Today Fetter and I worked on a couple of Ficus microcarpa and a Podocarpus gracilior.
Let’s start with the Ficus trees. The goal was to do light, natural flow pruning. We want these trees to grow big, but look natural. As you can see it doesn’t look like we did much at all. I like it when you look at one of my trees and you wouldn’t know that it had just been pruned.
These are fairly young Ficus street trees. It’s my guess that they have been in the ground for no more than 5 years.
You don’t see many young Ficus trees here in SF. Back in the 80’s Ficus were all the rage because they adapt to our harsh urban conditions. 10 years later San Franciscans found out that they rip up sidewalks. So they don’t plant them much any more, except in Pacific Heights. Your guess is as good as mine. . .
Back in 1990-91 there was a freak cold spell here that wiped out thousands of Ficus trees. There are still many in the Mission, especially along 24th Street where the weather is about 10 degrees warmer than the rest of the city.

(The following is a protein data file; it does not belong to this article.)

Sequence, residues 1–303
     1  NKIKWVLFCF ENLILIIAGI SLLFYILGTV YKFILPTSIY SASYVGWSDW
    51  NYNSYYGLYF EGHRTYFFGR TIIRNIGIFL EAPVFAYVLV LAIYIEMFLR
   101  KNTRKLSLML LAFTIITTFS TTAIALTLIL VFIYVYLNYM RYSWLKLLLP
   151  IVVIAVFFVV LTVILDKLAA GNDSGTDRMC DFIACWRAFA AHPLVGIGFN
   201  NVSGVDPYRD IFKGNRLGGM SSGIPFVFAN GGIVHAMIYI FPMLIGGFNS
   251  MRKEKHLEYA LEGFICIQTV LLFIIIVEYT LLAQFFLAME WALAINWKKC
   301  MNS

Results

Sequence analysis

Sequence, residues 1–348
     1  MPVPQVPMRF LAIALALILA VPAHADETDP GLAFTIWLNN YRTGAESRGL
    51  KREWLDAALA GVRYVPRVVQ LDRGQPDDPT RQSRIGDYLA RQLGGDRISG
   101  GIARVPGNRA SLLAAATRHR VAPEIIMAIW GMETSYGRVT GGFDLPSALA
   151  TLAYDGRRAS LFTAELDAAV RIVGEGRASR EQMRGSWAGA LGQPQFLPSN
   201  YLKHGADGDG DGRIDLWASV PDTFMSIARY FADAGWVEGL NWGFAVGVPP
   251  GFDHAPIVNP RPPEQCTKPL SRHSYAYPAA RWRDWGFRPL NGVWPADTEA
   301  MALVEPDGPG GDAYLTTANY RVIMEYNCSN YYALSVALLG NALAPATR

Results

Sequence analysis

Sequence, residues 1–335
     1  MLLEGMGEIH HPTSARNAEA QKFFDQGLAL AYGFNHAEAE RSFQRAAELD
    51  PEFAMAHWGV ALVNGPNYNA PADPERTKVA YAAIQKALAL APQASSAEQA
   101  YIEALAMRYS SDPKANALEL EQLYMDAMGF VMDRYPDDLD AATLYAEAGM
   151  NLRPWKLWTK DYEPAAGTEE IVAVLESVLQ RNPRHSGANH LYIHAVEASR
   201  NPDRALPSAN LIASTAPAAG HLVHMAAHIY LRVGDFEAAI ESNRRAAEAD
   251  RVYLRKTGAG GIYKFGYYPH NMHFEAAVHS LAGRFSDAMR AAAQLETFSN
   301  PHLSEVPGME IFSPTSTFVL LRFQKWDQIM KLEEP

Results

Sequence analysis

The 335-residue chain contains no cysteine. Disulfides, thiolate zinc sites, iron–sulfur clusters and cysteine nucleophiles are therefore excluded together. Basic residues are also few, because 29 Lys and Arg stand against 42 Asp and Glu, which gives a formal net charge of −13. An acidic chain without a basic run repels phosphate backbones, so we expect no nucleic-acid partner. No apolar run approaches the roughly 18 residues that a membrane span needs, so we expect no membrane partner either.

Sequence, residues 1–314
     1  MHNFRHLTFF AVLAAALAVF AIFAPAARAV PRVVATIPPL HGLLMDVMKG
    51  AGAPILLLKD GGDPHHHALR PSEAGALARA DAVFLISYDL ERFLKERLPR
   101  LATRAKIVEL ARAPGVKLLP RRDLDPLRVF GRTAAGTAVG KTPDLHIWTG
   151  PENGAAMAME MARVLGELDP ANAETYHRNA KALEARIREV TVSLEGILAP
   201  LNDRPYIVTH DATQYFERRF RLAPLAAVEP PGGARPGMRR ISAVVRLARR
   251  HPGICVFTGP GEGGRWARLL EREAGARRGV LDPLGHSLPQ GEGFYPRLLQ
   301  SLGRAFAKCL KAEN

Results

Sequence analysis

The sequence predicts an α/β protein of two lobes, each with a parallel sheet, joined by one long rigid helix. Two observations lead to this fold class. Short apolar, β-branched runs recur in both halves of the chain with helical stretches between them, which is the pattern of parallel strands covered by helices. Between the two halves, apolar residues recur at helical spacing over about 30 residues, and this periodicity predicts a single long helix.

The fruit and reproduction systems of species in the genus Ficus are unique. Each species of Ficus has an associated species of agaonid wasp. Ficus species can only be pollinated by their
associated agaonid wasps and in turn, the wasps can only lay eggs within their associated
The Ficus is everywhere. It is a terrible nuisance in parts of the world where the pollinator wasp has appeared. In Hawaii, Florida, Bermuda, and South and Central America it is an invasive weed. Animals and birds spread the seeds everywhere. They often grow epiphytically, starting off as a seed dropped in the crotch of another tree. They will eventually choke out the native host tree.
The images below are the before and after pictures of the Podocarpus gracilior.